(Author’s preface: You might say the following post is a Sports post, which usually comes out on Friday. But while it is about sports, this post is more of an opinion on the on-going trade talks in the NBA, so this post still fits the genre for the day. Also, it’s just fitting that we can insert this topic as a filler for the missed count o our ‘Napag-uusapan Lang Naman’ series. So, I decided to squeeze in a ‘sports opinion’ post at number 14)
The smoke of All-Star Break has finally cleared out. The teams are back to their usual grind, including Carmelo Anthony and Deron Williams.
But not in the same uniforms.
As of this writing, ‘Melo has just earned his first win as a New York Knick, while Deron Williams has yet to play with a “new jersey” with the Nets. These two blockbuster trades saw the exit of two All-Star players from the Western conference to the East (both were also gold medalists from the 2008 Olympics in Beijing), and are expected to up the rankings of the teams they will now be a part of.
The Knicks are right now standing at spot number 6–not a very comfortable spot, especially if you’re dead last among .500 teams in the East. Philadelphia, Indiana and Charlotte can pull off a late-season run and upset the bottom half of the standings. With ‘Melo off to a good start in New York, things can turn out good for the Knicks and their faithfuls. After all, the last ten games of New York were not impressive with only five wins, and indeed they could use some help from an offensive powerhouse like Anthony (and Billups). But beginner’s luck will soon have to give way to team chemistry, and that’s where the true mettle of a team with two All-Star forwards in Amar’e Stoudemire and Anthony will be tested.
Denver was able to keep their spirits up with a win over Memphis yesterday minus Carmelo and Chauncey in the roster. The Nuggets, like New York, are also at number six in the standings in the West. But that’s just it–being number six in the West spells more danger than being number six in the East. As of this writing, the Portland Trailblazers, the team trailing Denver, are just a game behind them. One loss could loosen Denver’s hold on their spot. A few more could drop them off the playoffs. And that’s a problem not far-fetched, now that they’ve got no ‘Melo to bail them out come crunchtime.
On the other hand, trading Deron Williams was an inevitable option for the Jazz, whose concern is more on the franchise’s long-term goals, than on the immediate target at hand, which is to get into the playoffs. The Jazz are right now at number 9, just two games behind Denver. Greg Miller gave a sensible rationale for the trade–D-Will’s contract ends by 2012, making him a free agent. For the past couple of weeks, no one from D-Will’s camp had assured the Jazz’s head office that he will be staying for an extension, or from going out. This non-committal from Williams prompted Miller to trade him for New Jersey’s Devin Harris and Derrick Favors, rather than end up with nothing should Deron opt to leave. The trade was the only option Utah can still get something (though Harris and Favors combined, compared to Deron, are of lesser value) out of losing their marquee player. Acquiring Deron by trading Harris and Favors gives New Jersey a better control of how their long term targets can be met, and with just enough cap space to throw in some chips for the next trade session next year.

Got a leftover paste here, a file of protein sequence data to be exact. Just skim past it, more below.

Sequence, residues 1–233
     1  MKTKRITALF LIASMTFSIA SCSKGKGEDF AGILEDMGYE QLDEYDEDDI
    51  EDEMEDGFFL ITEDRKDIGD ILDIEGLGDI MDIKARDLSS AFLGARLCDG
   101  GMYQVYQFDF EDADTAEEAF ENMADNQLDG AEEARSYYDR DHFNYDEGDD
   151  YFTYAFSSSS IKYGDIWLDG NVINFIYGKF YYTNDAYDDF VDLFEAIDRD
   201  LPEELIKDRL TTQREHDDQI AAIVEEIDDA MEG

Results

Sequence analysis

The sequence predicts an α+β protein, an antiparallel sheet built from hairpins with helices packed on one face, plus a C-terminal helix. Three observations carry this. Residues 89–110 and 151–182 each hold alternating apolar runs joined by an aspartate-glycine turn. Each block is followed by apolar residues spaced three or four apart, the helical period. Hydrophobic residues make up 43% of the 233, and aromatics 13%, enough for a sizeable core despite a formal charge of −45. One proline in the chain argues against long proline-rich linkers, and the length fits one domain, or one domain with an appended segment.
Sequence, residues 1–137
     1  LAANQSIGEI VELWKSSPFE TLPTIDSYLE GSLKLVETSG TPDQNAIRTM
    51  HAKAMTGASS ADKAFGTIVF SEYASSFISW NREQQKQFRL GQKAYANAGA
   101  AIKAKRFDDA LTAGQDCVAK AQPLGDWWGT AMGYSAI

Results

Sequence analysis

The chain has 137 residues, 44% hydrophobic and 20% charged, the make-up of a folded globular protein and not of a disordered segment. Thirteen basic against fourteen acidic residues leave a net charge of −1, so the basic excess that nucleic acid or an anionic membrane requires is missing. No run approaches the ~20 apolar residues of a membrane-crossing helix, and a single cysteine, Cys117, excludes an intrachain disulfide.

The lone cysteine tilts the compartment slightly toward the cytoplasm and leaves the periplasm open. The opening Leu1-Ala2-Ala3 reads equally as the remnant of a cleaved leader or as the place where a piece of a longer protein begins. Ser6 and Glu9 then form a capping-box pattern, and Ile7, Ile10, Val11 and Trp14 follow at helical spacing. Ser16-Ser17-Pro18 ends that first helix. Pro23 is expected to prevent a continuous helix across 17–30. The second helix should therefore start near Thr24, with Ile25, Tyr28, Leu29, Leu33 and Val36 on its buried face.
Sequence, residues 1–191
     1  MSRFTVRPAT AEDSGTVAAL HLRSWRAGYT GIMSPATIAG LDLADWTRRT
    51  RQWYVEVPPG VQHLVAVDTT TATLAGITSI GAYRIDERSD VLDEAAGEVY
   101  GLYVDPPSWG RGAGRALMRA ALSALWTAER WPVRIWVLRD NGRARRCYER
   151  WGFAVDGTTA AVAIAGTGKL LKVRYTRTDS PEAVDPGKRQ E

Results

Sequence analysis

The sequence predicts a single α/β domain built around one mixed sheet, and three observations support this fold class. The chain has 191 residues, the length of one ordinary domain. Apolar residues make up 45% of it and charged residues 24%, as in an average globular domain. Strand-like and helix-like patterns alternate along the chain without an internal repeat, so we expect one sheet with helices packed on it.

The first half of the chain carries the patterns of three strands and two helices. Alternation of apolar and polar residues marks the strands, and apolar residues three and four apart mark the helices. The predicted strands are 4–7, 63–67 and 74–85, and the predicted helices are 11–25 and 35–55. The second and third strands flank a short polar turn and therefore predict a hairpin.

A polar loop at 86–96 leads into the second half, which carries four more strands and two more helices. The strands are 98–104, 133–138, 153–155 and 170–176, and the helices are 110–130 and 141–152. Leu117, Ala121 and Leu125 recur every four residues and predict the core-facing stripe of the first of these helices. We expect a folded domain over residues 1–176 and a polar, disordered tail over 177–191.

I agree with Miller’s decision, only that losing D-Will right in the middle of the season will not do Utah any good in the standings. Some are saying Deron’s exit from Utah is the signal of Utah’s exit from the playoffs this season. This, we have yet to see.
For now, D-Will’s role is to help improve the Nets’ record for the season. By 2012, Williams will be taking a more central role in New Jersey.
From my own point of view, the choice of letting Deron go was better than letting Carmelo go. Here are the reasons why:
1. Deron will be going to a team with no other all-star player. That makes him the go-to guy, and a point guard at that. The team will be definitely building around him, giving the Nets a better direction to follow. On the other hand, Carmelo will be sharing the spotlight with Amar’e. Both are forwards, all-stars, and the “give-me-the-ball-and-get-out-of-the-way” type of players. Good thing Chauncey came along, to help dispel the imbalance that could occur when you’ve got two power forwards wanting each a fair share of their time on the floor.
2. Carmelo is moving from one playoff contender team to another. That in itself is a pressure–pressure from your new home crowd to deliver and make sure that you will carry them to the promised land. As for Deron, he moves to a team whose only goal right now is to have a good finish for the season. He can think of upping his game next season.
3. Since the prospect of entering the playoffs isn’t as big a deal as losing a marquee with no one to fill in the spot, Utah’s choice of trading Deron fits their franchise’s philosophy. On the other hand, Denver will be putting pressure immediately on Felton, Gallinari and Chandler the moment they wear their Denver jerseys because they will be taking on the default role of season savior for the Nuggets.
4. Lastly, Denver doesn’t have much options when the season closes by June. New Jersey, on the other hand, does. Being one of the last six, they can do a lot of maneuvering when Draft day comes, giving them a free hand on building on Williams.